What to Say on Memorial Day

Memorial Day is not about taking advantage of retailers’ discount promotions or partying over the three-day weekend. Memorial Day means taking time to remember the departed who died while serving the United States of America.*

Flags in a Row (photo by Teresa TL Bruce, TealAshes.com)

The commemoration was first known as Decoration Day. Loved ones and townsfolk decorated fallen soldiers’ graves with flags or flowers or both. Families gathered at cemeteries to pay honor and respect to those who died (or went missing in action) while defending their homeland and its interests.

It was a day not of politics but of propriety, not of celebrating but of solemnity.

Is it too much to ask that we set aside one day a year — the last Monday in May — to unite in remembrance of those who set aside their lives to serve their country? Is it too much to ask that we honor and express our indebtedness to their families?

I hope not.

Did you know that 3:00 p.m. Memorial Day is officially designated as the National Moment of Remembrance? For sixty seconds, wherever they are,  Americans are asked to observe a moment of silent remembrance or listen to and contemplate the playing of “Taps.” Trains are supposed to blast their horns.

Does 3:00 p.m. seem an inconvenient time? After all, it’s smack dab in the middle of many folks’ trips to the beach or backyard barbecues. Stopping for a moment of solemnity would slam a damper onto the fun.

That’s the point.

Those whose lives ended in service to their country put aside their personal lives, their fun. We can resume our parties and picnics after sixty seconds, but they — and their families — will never return to life as before.

If you can’t spare a day to recognize more than two centuries’ worth of lost lives on behalf of the “land of the free and the home of the brave,” surely you can spare one minute to think about the families they left behind.

So, what should you say to those who’ve lost loved ones while serving our country, even if it has been many years?

  • I’m so sorry your [loved one] died.
  • I appreciate your [loved one]’s service to our country.
  • I’d love to know more about your [loved one] if there are stories you’d like to share.
  • I promise not to forget the service your [loved one] gave our country.

If your friends’ losses are recent — and by recent I mean within the last two to three years — you can and should do more. See How to Help after a Death for a checklist of specific tasks you can do to alleviate and comfort the bereaved.

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*I realize many of my readers live outside the United States. I hope you’ll be able to apply these thoughts to honoring the memories and families of those who gave their lives in service to your own homelands.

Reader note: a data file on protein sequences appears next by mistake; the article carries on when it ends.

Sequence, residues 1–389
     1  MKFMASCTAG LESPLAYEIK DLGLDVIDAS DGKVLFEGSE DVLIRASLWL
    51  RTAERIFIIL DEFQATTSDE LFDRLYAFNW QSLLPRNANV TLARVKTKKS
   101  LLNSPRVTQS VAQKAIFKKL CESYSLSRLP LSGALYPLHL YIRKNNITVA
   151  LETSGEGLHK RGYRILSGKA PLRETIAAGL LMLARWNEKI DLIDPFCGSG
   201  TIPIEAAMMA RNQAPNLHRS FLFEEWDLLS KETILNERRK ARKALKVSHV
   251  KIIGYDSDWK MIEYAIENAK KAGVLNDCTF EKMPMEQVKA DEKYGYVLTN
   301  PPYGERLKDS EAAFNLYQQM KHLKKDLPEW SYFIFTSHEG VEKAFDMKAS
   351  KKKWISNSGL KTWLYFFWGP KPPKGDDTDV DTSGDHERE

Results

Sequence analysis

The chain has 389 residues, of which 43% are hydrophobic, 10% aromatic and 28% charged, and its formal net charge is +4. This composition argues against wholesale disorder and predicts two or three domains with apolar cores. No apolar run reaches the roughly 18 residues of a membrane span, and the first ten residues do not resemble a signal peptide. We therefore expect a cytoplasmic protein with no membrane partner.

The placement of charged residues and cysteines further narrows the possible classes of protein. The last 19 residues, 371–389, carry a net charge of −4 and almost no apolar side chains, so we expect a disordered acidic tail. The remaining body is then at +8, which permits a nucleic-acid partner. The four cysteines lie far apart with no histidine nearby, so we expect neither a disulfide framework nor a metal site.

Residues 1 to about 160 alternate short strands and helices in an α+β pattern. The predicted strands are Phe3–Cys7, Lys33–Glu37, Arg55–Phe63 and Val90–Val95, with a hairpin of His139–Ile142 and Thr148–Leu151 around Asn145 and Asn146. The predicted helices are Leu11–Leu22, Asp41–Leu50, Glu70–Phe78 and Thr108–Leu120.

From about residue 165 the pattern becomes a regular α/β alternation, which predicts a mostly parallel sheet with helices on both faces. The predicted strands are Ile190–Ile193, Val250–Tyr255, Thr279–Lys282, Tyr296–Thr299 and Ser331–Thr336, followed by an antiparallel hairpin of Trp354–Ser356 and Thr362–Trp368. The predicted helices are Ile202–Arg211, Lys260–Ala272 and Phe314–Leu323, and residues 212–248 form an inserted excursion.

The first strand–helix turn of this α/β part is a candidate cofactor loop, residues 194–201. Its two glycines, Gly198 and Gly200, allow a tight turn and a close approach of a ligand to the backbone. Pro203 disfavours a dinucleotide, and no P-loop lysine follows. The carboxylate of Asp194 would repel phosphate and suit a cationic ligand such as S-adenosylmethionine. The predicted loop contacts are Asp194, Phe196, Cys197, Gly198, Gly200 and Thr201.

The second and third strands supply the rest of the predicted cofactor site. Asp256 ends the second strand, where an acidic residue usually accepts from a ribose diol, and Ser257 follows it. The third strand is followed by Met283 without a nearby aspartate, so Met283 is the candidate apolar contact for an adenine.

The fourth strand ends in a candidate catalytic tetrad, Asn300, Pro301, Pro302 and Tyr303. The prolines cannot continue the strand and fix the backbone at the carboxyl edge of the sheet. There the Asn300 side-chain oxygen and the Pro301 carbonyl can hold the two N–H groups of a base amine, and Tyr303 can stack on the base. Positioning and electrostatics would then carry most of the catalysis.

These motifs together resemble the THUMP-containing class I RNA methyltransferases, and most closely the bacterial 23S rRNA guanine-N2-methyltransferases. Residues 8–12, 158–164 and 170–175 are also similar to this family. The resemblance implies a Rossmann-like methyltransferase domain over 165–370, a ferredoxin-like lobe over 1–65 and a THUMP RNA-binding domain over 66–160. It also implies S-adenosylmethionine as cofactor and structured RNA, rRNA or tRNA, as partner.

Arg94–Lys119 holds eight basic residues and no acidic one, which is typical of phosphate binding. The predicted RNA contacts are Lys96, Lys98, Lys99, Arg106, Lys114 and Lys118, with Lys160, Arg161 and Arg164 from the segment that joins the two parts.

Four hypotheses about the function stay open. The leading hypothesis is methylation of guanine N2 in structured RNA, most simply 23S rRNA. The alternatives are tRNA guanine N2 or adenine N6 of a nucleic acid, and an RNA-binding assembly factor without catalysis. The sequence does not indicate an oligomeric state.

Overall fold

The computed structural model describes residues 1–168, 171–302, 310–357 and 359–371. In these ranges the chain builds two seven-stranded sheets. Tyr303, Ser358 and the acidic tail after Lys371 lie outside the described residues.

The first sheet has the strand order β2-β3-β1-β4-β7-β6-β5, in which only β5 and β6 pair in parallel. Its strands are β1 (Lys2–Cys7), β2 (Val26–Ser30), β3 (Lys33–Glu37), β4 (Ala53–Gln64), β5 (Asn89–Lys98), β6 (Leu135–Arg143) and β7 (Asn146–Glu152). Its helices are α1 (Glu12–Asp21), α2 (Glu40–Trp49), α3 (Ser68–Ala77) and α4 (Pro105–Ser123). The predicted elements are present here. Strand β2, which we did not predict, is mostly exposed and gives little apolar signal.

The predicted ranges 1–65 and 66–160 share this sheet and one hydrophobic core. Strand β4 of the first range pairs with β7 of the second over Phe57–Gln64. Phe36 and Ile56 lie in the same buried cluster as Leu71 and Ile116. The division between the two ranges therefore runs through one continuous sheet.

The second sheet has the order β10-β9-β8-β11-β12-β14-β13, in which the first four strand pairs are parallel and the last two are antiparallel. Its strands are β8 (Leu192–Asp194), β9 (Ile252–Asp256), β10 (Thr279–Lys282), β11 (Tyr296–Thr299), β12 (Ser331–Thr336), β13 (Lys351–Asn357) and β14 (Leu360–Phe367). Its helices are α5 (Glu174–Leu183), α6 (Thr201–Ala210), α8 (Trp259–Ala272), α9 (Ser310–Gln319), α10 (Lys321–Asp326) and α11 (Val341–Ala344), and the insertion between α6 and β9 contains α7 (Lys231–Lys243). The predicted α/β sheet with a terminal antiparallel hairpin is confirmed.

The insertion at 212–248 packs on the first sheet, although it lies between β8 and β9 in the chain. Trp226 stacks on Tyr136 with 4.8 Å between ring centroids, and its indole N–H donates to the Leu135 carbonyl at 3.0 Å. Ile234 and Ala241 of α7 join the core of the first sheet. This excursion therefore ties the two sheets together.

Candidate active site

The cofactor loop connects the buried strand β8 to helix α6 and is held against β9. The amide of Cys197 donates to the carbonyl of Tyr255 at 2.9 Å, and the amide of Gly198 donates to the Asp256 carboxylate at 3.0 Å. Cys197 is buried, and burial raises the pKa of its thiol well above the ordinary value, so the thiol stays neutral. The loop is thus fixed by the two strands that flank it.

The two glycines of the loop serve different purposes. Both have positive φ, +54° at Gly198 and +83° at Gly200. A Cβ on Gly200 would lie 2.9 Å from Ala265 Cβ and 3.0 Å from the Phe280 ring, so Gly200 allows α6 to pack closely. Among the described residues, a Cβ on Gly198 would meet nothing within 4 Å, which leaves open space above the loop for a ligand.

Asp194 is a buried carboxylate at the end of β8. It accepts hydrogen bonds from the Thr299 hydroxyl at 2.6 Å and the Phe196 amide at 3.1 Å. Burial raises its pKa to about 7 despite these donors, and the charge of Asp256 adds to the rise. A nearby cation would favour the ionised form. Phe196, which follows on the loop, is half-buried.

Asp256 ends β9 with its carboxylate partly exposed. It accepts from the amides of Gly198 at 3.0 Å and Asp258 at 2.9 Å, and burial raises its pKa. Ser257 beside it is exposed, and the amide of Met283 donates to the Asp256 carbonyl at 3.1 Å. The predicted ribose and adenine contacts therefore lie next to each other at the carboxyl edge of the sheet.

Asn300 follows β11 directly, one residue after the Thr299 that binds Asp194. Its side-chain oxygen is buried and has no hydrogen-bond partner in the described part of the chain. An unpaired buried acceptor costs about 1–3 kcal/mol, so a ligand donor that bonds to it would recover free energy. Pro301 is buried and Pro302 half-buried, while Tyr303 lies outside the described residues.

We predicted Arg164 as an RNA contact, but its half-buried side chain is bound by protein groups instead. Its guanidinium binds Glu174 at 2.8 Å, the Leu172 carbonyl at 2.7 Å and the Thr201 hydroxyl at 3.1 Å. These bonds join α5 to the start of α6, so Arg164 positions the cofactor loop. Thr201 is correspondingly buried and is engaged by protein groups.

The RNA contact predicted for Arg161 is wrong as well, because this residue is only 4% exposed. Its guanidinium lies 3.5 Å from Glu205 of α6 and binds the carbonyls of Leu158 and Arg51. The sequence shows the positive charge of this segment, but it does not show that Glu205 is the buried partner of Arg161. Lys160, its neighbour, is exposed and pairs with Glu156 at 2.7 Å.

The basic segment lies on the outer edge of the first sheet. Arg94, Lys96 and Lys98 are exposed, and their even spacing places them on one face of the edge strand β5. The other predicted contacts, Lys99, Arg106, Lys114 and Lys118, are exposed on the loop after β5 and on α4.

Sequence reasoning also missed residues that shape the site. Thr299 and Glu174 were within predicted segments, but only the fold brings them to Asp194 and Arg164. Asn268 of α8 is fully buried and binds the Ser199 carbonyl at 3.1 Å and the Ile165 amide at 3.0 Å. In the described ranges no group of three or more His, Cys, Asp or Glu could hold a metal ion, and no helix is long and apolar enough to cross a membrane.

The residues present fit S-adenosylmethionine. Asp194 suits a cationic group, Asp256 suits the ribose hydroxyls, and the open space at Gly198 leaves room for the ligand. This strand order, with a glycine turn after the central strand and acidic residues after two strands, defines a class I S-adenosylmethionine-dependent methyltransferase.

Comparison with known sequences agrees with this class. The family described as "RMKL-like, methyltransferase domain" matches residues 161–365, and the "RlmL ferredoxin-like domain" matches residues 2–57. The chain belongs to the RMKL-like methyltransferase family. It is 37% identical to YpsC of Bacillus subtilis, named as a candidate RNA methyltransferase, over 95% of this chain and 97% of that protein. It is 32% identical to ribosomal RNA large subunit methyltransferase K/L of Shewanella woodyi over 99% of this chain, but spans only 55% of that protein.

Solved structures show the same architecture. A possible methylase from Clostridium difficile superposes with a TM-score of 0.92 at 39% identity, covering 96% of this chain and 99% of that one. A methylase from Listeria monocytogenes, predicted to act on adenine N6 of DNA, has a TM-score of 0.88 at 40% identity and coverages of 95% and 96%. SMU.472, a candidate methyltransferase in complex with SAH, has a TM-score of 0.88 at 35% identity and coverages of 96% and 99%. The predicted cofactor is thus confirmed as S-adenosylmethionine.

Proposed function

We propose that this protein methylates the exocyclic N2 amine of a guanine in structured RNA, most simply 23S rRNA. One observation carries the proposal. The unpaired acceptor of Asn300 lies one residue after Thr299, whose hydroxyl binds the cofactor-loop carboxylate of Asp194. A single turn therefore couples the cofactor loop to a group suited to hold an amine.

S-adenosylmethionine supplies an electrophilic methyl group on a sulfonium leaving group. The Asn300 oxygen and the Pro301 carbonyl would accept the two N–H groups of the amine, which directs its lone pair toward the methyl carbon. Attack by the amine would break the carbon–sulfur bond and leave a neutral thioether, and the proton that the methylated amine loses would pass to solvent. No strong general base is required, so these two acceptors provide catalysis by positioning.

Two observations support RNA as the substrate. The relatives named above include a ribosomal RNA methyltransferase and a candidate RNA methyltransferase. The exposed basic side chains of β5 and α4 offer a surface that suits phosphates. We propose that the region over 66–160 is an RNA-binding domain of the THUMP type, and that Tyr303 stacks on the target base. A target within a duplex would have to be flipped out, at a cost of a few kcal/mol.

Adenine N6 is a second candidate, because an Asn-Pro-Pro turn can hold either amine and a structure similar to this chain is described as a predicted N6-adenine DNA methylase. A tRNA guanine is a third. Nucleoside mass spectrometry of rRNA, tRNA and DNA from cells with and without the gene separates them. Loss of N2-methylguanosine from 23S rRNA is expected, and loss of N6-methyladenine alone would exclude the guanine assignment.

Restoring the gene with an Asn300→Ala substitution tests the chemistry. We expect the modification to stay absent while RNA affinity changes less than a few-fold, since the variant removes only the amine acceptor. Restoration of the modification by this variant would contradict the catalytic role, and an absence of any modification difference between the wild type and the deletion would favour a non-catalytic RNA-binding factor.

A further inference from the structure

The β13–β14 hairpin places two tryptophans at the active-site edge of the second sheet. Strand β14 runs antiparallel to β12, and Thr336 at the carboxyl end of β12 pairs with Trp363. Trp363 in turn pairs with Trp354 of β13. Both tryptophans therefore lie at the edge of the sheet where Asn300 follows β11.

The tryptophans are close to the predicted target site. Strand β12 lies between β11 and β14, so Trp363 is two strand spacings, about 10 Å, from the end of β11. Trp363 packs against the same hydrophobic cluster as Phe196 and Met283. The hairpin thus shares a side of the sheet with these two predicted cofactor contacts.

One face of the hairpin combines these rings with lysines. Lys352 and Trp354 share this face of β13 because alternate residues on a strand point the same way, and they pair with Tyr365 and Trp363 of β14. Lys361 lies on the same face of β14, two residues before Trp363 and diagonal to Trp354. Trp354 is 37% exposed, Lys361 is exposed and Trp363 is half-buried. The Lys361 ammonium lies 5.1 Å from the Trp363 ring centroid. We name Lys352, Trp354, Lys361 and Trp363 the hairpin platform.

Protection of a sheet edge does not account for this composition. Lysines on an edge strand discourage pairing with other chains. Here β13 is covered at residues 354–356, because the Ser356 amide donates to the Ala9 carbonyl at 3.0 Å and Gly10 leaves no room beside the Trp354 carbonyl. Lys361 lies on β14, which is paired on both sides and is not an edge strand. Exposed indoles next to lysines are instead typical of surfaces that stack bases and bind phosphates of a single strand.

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Please note: The Memorial Day Foundation offers a list of seven ways to observe the memorial aspect of Memorial Day.

Veterans Day Thanks

Say THANK YOU to veterans--and their families.

Say THANK YOU to veterans–and their families.

What is the purpose of Veterans Day? “A celebration to honor America’s veterans for their patriotism, love of country, and willingness to serve and sacrifice for the common good.” *

One of the best ways to honor those who have served is to say “thank you” to them — and to their families — acknowledging awareness of their service and sacrifice on behalf of their nation.

I was raised in a patriotic home by parents whose reverence for and “allegiance to the flag of the United States” was founded in acknowledgement of all the souls who perished — from the Revolutionary War to the present — in paying the price for the freedoms that bless my life. (Most patriotic songs have brought tears to my eyes since I was old enough to understand their lyrics.)

As a widow, however, my appreciation for veterans has multiplied a hundred-fold. I have a better grasp of the fragility of the time we spend with (and away from) our loved ones. I’m grateful to those whose service cost them precious days away from home and whose service-related health issues continue exacting a price.

And now, because I know the pain of losing a spouse and have met many military widows (and a few military widowers), I view the sacrifices of the fallen in a more personal way than I did before.

THANK YOU, Veterans, for leaving home and hearth to serve your country. And thank you to the loved ones who wished you well as you did so.

*quoted from “History of Veterans Day,” U.S. Department of Veterans Affairs (http://www.va.gov/opa/vetsday/vetdayhistory.asp)